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From Paolo Di Pietro <>
Subject Re: Ending my RHEL backports support for Subversion
Date Sun, 18 Sep 2016 17:33:25 GMT
I'm sad for your leave.

There are a lot of problems in the Sw Eng area, which should be 
addressed to enable people to cooperate without being overkilled.

If we want the Open * to survive, we need to avoid fragmenting the 
efforts, and try to converge them on single 'platforms'.

This is not an easy nor politically correct choice, but, One of this 
should be, IMHO, the choice is between survival or not an entire large 
group of people.

I should like to discuss how to build an 'OTT' approach to let users use 
Subversion, or github, or whatever they like with a standard interface.

As I'm telling from Y2000, we should create ontologies to let the 
content (and not the tools) to cooperate.

I'd like to talk with people about this.

Have a good luck!


On 9/18/2016 2:34 PM, Nico Kadel-Garcia wrote:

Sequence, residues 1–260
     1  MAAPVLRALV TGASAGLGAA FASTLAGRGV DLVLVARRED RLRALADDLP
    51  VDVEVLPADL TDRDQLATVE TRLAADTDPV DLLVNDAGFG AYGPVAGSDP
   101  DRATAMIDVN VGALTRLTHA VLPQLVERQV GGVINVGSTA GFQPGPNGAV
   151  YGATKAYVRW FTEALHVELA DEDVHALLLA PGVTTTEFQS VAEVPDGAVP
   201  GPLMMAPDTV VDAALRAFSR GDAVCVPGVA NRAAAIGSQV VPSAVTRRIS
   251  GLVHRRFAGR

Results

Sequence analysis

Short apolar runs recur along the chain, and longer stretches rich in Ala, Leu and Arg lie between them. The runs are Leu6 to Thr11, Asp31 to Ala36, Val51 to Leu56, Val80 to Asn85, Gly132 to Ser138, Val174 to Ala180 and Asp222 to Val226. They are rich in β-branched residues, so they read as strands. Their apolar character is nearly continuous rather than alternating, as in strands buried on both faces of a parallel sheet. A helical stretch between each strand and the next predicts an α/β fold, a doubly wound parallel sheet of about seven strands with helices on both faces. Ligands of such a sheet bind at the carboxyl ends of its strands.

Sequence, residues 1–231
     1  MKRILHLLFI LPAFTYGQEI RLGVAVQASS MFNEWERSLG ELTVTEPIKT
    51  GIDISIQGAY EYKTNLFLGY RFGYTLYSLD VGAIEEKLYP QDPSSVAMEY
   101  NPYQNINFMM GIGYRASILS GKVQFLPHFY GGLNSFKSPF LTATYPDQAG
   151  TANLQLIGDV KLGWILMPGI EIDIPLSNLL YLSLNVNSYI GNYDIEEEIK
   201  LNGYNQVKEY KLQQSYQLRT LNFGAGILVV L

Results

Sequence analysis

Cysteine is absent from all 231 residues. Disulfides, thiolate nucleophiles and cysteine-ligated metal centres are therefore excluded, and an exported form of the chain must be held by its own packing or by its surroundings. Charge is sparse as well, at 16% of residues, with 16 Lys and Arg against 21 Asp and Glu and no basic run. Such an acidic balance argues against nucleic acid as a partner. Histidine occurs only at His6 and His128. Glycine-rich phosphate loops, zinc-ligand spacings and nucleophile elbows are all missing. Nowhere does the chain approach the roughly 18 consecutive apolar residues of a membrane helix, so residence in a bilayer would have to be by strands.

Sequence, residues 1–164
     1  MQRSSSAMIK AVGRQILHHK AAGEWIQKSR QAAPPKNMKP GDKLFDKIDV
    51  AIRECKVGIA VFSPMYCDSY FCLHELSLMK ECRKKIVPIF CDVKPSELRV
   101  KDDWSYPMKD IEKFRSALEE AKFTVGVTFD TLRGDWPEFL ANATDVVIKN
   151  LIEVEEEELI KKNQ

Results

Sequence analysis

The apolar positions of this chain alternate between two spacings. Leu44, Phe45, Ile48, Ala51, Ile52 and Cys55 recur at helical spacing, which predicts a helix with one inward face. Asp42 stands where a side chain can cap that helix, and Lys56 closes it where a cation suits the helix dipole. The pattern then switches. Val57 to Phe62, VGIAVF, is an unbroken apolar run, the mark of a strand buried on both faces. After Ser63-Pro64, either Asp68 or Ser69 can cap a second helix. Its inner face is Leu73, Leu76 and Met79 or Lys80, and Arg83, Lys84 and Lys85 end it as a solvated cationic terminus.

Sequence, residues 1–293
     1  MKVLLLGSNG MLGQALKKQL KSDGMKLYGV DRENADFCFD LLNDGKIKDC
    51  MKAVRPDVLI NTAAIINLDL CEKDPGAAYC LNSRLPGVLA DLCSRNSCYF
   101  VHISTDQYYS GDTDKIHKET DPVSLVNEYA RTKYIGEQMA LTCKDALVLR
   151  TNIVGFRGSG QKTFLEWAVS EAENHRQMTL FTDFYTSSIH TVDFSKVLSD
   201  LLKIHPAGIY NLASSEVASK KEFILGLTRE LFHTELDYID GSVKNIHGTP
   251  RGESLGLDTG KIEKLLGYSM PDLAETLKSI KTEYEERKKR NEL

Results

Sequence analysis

> I've been publishing backports of Subversion over at  for
> RHEL based operating systems for some years now. They used to be
> published at RPMForge while that was still active. And it was useful
> to me, and to some others, to get up-to-date releases on current or
> older operating systems, especially for the long-term RHEL based
> systems.
> Unfortunately, it's gotten too expensive for me to do. There are
> several factors. The big one is the updated requirements with each
> major release. Using more recent new technologies, like serf, and
> SQLite are understandable upstream changes, but it means integrating
> support for them for another set of RPM's for those components, and
> building up the support chains for tools like updated serf, multiplies
> the work and threatens other stable tools which might use serf. It's
> an old issue for many projects, but the return on investment of my
> time has pretty much evaporated with RPMforge defunct.
> I'm also afraid that the other big  factor, for me, is the
> long-missing "obliterate" feature. The lack of any graceful way to
> clear inappropriately committed or discarded content has become the
> biggest reason *not* to use Subversion, and I can't burn my
> engineering time backporting software without a graceful way to clean
> up the inevitably bulky or security sensitive bad commit.

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